CSCI4949-6969 Assign1

Assign1: ProtVec

Due Date: Feb 4th, before midnight

In this assignment, you will implement the ProtVec embedding method described in https://journals.plos.org/plosone/article?id=10.1371/journal.pone.0141287 (Continuous Distributed Representation of Biological Sequences for Deep Proteomics and Genomics).

You will use http://www.pytorch.org (pytorch) for the implementation, and your code should implement the negative sampling approach to train the embeddings.

For training the model, you can first use a small set of 1000 proteins http://www.cs.rpi.edu/~zaki/MLIB/assignments/small_uniprot.txt. Once your model is finalized you should train it on the large set of 524532 protein sequences http://www.cs.rpi.edu/~zaki/MLIB/assignments/uniprot-reviewed-lim_sequences.txt. This data is from the paper https://www.ncbi.nlm.nih.gov/pmc/articles/PMC6061698/ (Learned protein embeddings for machine learning)

You will be asked to compare the embeddings for different values of the dimensionality $d$, different context size $w$, and different n-gram sizes $n$. For example $d=50, 100, 300$, $w=5, 7, 25$, and $n=1,2,3,4,5$.

You should compare with the default values used in the paper, namely $d=100$, $w=25$, and $n=3$. In your implementation these should be variables that take their values from the command line (see below; you should also make the number of negative samples a parameter).

Here is the pseudo code for the overall structure of the script:

create the vocab, probability distribution, and word to index (and reverse mappings) for each ngram in each sequence at each of the offsets from 0 to ngram-1
write a function to return a batch of positive and negative pairs from all of the sequences/offsets.
for the negative sampling use the cumsum approach described in class
define NN model:
    init function:
        define the two embeddings layers (U,V)
    forward function:
        input is a batch of center_words, and context_words
        look up their embeddings
        compute the dot product between corresponding pairs
        output should be the probability of that pair being a positive pair (via sigmoid)
Next is the boilerplate code for training:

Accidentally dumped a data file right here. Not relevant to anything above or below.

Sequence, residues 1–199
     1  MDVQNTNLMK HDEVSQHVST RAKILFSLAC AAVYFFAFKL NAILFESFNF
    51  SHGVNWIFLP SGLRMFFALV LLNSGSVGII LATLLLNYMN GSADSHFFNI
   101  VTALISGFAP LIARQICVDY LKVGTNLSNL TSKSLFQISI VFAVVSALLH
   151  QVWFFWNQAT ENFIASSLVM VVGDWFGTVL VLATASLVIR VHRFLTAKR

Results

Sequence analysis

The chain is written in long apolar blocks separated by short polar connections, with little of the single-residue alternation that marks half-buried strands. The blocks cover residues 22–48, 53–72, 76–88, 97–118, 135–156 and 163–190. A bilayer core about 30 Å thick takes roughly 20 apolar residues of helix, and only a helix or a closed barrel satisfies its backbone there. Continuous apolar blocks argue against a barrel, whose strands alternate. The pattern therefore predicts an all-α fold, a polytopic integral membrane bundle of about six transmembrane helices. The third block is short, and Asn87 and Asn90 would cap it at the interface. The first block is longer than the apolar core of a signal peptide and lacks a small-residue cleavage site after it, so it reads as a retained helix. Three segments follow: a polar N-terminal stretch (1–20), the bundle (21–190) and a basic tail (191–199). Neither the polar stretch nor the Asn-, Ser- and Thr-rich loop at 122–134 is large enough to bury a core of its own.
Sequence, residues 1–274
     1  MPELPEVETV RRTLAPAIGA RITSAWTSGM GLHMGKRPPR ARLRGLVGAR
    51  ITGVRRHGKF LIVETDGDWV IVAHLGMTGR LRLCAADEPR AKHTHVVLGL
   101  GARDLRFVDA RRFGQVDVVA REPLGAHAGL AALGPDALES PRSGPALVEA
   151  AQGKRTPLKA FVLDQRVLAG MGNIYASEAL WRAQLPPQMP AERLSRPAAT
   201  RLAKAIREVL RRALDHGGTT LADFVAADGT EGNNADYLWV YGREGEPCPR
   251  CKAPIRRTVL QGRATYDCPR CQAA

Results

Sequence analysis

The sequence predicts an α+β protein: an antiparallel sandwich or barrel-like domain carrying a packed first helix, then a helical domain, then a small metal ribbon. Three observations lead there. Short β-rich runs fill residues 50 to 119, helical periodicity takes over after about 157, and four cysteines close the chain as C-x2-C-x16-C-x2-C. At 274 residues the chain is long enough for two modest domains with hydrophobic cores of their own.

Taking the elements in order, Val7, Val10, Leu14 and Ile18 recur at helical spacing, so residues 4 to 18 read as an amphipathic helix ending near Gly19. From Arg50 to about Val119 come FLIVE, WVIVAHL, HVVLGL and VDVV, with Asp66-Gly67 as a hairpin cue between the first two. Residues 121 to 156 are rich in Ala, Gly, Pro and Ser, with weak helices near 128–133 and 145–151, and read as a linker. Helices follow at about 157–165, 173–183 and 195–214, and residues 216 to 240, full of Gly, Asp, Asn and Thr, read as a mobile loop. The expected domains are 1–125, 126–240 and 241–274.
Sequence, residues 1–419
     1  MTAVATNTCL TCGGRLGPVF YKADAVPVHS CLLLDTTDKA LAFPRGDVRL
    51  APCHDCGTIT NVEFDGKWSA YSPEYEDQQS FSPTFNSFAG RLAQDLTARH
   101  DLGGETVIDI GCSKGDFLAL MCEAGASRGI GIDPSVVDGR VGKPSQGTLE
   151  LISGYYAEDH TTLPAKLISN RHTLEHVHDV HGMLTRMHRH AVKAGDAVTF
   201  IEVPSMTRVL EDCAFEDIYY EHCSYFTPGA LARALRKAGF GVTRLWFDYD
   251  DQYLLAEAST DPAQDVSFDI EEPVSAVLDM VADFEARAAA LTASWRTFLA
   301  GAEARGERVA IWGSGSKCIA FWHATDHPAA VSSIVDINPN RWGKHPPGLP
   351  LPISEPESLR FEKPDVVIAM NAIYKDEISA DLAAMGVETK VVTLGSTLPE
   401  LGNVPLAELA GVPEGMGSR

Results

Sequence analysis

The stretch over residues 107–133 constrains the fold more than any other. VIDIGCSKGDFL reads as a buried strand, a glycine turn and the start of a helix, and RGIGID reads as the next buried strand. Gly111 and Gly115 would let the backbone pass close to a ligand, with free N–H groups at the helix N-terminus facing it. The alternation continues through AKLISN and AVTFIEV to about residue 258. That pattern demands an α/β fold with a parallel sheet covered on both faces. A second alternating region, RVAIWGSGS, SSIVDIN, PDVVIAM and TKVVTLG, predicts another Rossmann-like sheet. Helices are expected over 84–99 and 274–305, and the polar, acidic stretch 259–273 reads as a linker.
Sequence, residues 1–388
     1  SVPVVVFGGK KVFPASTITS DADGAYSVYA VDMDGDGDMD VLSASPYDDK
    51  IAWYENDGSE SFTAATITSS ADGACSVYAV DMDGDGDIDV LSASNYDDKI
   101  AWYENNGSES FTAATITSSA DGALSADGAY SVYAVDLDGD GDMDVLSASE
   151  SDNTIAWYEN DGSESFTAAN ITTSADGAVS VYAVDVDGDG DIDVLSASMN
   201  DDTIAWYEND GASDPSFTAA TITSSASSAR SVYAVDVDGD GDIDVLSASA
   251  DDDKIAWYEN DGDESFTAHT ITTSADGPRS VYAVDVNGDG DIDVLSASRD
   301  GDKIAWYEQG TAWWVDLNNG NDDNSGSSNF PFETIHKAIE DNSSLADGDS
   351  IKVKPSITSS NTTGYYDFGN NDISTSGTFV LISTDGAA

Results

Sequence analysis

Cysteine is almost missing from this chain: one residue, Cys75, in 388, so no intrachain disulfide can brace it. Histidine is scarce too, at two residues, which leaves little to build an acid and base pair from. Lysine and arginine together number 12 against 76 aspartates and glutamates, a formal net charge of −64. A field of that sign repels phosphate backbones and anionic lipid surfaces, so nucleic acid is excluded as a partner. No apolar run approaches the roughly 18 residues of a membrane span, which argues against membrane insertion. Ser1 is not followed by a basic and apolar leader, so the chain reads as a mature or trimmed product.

net = model(parameters)
send net to GPU
loss_func = BCEloss
optimizer = optim.SGD or optim.Adam
for e in epochs
    for center_words, context_words, labels in batches
       convert center_words, context_words, labels to tensors
       send all three to the GPU
       net.zero_grad
       preds = net (center_words, contex_words)
       loss = loss_func(preds, labels)
       loss.backward
       optimizer.step
   print total loss per epoch
save embeddings in required format

Submission

Submit your code via submitty. Name your python script: assign1.py.

Your script will be run as follows:

assign1.py FILENAME EMBED_DIM CONTEXT_SZ NGRAM_SIZE NEG_SAMPLES

Here FILENAME is the name of the sequence file, EMBED_DIM the dimensionality to use for the embedding vectors, CONTEXT_SZ is the size of the context to consider, NGRAM_SZ is the size of the ngrams, and NEG_SAMPLES is the number of negative samples to consider for each positive pair.

Note that CONTEXT_SZ will always be an odd number greater than 1, so CONTEXT_SZ=3 means that you look at the center word and plus/minus one word, CONTEXT_SZ=25 means center word plus/minus 12 words, and so on.

The output of your code should be a file that contain the embbedding of each work. The first line should have only two values:

V d

where V is the Vocab size, and d the EMBED_DIM

Next, each line should contain:

WORD EMBEDDING_VECTOR

where WORD is a word from your vocab (not the index), and its embedding vector. For example, if there are only two words in your vocab (say AA and BB), and you are doing 3-dim embeddings, then the output file will be:

2 3

AA -1 -0.3 5

BB 2 0.5 -1

After learning the representations, you will be asked to use the trained vectors for a downstream task such as sequence classification or secondary structure prediction. The details of the tasks will be posted for Assign2

Note that you are allowed to use/modify existing implementations of word2vec in pytorch on the web, but you should understand what is being done, so that you are able to code more complex models later. You should acknowledge the source of any code you use.